Thinking about how to put an end to your furry friend’s toy-guarding habit? We have it figured out here.
That puppy expression saying, “It is my toy!” is a common sight in a multi-pet household. Some fur babies won’t let their owners come close to their toys, let alone the rest of the family and other animals. They just don’t share, and such incidents can make dog owners wonder if their fur baby feels alright.
It is not uncommon for young puppies to develop resource-guarding instincts, especially when they must fight to satisfy their daily needs and wants. Growling, snapping, and pacing are signs that highlight a canine pet’s protective nature, particularly when it comes to guarding its belongings.
Quarrels and accidental injuries are possible when there are too many fur babies and too little resources. This is precisely why people owning many pets should provide essentials like food/water bowls, toys, and a bed for each of them. At the same time, puppy owners must consider buying the best pet insurance should unfavorable events occur at home, including their canine fur babies falling sick.
Pet insurance cost can be much lower than the hefty bills they might have to pay during unplanned vet visits and emergencies. The risks can only multiply in a multi-pet household, so puppy parents must contemplate purchasing a policy. Meanwhile, read this article for help on managing toy guarding behaviors in puppies.
How to tackle it?
Based on how big a litter your puppy came from, you can understand the struggles it might have gone through to access food, water, and toys. Siblings can be mostly competitive and waiting to get their paws and mouths on things offered at the first opportunity, in which case the stronger puppies’ needs will most likely be met and the weaker ones may be deprived of even the bare necessities.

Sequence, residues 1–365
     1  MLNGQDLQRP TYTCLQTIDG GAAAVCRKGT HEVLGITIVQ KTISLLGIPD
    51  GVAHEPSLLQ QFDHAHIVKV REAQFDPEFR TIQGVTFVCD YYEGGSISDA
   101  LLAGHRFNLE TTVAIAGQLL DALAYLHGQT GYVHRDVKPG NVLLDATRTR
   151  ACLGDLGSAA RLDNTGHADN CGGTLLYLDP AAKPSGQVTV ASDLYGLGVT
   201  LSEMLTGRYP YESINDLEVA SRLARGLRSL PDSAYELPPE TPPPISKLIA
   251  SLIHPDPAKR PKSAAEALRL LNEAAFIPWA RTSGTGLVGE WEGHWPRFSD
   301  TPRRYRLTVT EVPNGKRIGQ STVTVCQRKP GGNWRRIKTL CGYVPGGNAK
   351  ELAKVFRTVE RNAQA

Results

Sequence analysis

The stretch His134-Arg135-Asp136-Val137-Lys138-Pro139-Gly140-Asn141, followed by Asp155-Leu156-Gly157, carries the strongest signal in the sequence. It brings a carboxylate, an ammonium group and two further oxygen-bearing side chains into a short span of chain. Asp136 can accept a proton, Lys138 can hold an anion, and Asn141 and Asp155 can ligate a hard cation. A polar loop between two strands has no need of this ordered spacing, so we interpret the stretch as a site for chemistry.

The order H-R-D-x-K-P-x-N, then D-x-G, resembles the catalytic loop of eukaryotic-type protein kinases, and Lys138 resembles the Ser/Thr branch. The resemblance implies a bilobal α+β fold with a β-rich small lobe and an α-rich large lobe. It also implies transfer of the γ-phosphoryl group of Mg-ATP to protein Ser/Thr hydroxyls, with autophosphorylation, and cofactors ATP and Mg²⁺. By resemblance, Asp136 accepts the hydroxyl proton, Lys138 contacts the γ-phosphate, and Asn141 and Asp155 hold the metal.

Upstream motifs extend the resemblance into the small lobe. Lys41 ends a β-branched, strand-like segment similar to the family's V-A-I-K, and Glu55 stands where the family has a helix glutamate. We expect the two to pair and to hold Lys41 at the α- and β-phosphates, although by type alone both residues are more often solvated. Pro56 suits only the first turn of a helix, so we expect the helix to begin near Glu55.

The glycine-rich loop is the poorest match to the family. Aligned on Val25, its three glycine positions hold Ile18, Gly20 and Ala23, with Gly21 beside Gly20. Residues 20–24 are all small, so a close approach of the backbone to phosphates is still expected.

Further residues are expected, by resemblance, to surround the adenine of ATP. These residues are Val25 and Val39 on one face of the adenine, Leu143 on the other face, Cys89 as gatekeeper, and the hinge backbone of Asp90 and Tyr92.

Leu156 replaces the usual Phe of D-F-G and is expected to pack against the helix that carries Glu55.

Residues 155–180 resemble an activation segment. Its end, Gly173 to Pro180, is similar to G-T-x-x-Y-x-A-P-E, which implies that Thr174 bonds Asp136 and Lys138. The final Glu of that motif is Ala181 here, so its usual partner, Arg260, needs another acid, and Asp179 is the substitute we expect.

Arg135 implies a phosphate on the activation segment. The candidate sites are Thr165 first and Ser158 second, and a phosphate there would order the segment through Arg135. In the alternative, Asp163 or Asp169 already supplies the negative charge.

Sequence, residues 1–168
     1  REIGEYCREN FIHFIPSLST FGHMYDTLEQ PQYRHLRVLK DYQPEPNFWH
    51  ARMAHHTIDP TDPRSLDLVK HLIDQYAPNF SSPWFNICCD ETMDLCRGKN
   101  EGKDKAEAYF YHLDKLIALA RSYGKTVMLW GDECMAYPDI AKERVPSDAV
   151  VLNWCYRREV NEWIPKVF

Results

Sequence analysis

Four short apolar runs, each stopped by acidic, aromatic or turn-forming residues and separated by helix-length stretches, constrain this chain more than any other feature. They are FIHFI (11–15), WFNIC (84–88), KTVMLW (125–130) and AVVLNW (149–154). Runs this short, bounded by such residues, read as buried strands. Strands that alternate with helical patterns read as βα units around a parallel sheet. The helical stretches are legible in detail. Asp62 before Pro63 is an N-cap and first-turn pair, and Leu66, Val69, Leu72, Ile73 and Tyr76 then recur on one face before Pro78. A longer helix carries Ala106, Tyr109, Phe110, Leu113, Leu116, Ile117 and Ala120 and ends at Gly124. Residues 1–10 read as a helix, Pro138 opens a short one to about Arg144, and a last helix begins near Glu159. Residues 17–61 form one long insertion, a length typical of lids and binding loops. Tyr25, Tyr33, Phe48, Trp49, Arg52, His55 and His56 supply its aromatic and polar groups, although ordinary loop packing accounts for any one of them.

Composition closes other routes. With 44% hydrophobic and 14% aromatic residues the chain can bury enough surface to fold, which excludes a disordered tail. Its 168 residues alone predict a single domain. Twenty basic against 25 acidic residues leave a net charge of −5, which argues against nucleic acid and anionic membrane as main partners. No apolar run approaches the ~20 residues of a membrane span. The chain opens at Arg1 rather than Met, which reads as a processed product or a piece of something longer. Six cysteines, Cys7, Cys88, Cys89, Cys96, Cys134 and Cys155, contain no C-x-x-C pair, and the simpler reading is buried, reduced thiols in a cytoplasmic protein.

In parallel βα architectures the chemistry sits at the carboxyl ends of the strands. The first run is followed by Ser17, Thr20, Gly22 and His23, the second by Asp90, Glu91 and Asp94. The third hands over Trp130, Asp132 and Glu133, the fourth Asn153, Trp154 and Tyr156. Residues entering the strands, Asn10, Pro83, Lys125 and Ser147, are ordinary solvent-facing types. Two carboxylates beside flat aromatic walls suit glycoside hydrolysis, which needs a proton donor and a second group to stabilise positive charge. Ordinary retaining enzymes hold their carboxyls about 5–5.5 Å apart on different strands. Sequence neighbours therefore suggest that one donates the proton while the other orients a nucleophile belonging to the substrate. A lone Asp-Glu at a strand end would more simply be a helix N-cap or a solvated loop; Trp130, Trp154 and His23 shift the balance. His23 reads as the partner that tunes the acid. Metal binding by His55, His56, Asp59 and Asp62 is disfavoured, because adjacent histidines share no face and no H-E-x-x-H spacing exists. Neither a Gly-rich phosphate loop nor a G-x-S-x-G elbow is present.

Remember that every puppy is unique, so you must work with your pet to help lower its resource-guarding habit. Also, the strategy that works with one puppy might fail when implemented on another puppy. So, consider trying different things to accomplish your goal.
Check these ideas –
- Puppy training should help your pet pooch develop good manners. This way, your furry baby will learn to say ‘please give me something’ rather than attack you to get its work done. Simple commands like “Sit”, “Stay”, “Drop it”, “Stop”, “Come”, “Let’s go”, and more can help with communicating effectively with your dog.
- Give your puppy a low-value item and trade it for a high-value item like dog treats. This way, your puppy will learn to obey your command and understand that at the end of obeying a command, there lies a reward. Slowly, you can work your way up from things your furry little one doesn’t care about to things it cares about.
- Consider avoiding things that trigger toy-guarding behavior. Suppose your little pupper, enjoying its meals until then, gets irked when you approach it; all you might need to do is simply avoid going near it while it is busy having food.
- If your puppy has fears of you confiscating its toys, assure your puppy that you wouldn’t be doing a cruel thing like that. Instead, shower it with extra toys every time you walk over until your furry baby overcomes its fear.
There is a high chance of you noticing toy guarding behaviors in your pet pooch when a social setup changes. New pets and people in the house can make your puppy apprehensive and display negative behaviors. Consider being prepared with the best pet insurance so that dealing with adverse health consequences can be much easier. Pet insurance cost can be more bearable than unexpected vet bills, which is why you must contemplate buying a policy.